Sesame Street

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Sesame Street

"Sesame Street" has influenced generations of kids. Here, the 1969 cast poses on set.

Hulton Archive/Getty Images

Placing "Sesame Street" ahead of MTV lets us think that today's youth and tomorrow's leaders have at least a fighting chance of considering Maya Angelou and Al Gore as important as Snookie and whoever replaces Lady Gaga as the pop flavor of the month. Generations of us learned to read with "Sesame Street," and it single-handedly took a left turn from the pure entertainment of previous kids' programming to today's "preschool on television" style kids' shows.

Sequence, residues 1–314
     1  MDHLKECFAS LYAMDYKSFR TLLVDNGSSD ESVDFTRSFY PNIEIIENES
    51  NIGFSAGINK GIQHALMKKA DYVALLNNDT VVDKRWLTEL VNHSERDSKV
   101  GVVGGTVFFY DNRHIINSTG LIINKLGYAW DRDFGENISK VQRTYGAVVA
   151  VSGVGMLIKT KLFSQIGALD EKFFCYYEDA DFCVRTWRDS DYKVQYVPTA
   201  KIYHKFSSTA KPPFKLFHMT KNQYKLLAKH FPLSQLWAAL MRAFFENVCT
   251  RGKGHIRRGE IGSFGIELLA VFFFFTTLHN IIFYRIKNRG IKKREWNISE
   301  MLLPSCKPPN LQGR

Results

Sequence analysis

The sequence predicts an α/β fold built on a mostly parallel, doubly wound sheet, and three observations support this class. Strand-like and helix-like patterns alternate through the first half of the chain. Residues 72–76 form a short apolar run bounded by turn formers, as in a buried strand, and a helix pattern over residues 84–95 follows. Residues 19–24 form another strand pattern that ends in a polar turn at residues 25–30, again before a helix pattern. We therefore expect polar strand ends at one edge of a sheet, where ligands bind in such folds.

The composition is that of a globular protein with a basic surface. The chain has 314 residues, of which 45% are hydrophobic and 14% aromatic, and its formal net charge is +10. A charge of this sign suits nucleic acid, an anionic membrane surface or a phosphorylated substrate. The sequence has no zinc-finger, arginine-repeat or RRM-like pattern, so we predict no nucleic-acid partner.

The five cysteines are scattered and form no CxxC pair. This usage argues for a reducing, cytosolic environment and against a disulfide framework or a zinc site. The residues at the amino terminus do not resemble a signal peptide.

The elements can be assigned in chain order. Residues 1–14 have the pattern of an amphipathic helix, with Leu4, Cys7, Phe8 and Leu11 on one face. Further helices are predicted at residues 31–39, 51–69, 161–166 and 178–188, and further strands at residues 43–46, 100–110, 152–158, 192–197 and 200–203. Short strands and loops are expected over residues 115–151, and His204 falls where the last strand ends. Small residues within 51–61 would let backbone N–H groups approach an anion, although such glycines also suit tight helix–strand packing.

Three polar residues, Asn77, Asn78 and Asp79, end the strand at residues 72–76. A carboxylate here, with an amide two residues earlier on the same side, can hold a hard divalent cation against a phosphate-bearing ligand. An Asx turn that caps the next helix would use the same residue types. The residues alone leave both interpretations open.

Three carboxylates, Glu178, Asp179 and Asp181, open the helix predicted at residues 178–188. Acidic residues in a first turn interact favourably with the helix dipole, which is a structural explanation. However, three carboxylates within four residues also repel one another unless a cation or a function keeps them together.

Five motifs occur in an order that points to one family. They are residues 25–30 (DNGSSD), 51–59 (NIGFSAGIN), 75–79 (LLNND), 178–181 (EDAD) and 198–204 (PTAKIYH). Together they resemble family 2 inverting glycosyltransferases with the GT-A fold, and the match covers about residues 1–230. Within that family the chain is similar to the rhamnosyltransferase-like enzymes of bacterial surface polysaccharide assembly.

The Street was also the first show to consider children as complex, thoughtful little beasties instead of the one-dimensional, happy-all-the-time automatons of previous, mouse-ear-wearing shows. Life is tough on the Street -- look no further than the decision to take on the death of beloved character Mr. Hooper (Why did he die? Just because …). In addition to its overt cheering up of education, it mirrored young viewers' own complex, deeply felt lives.

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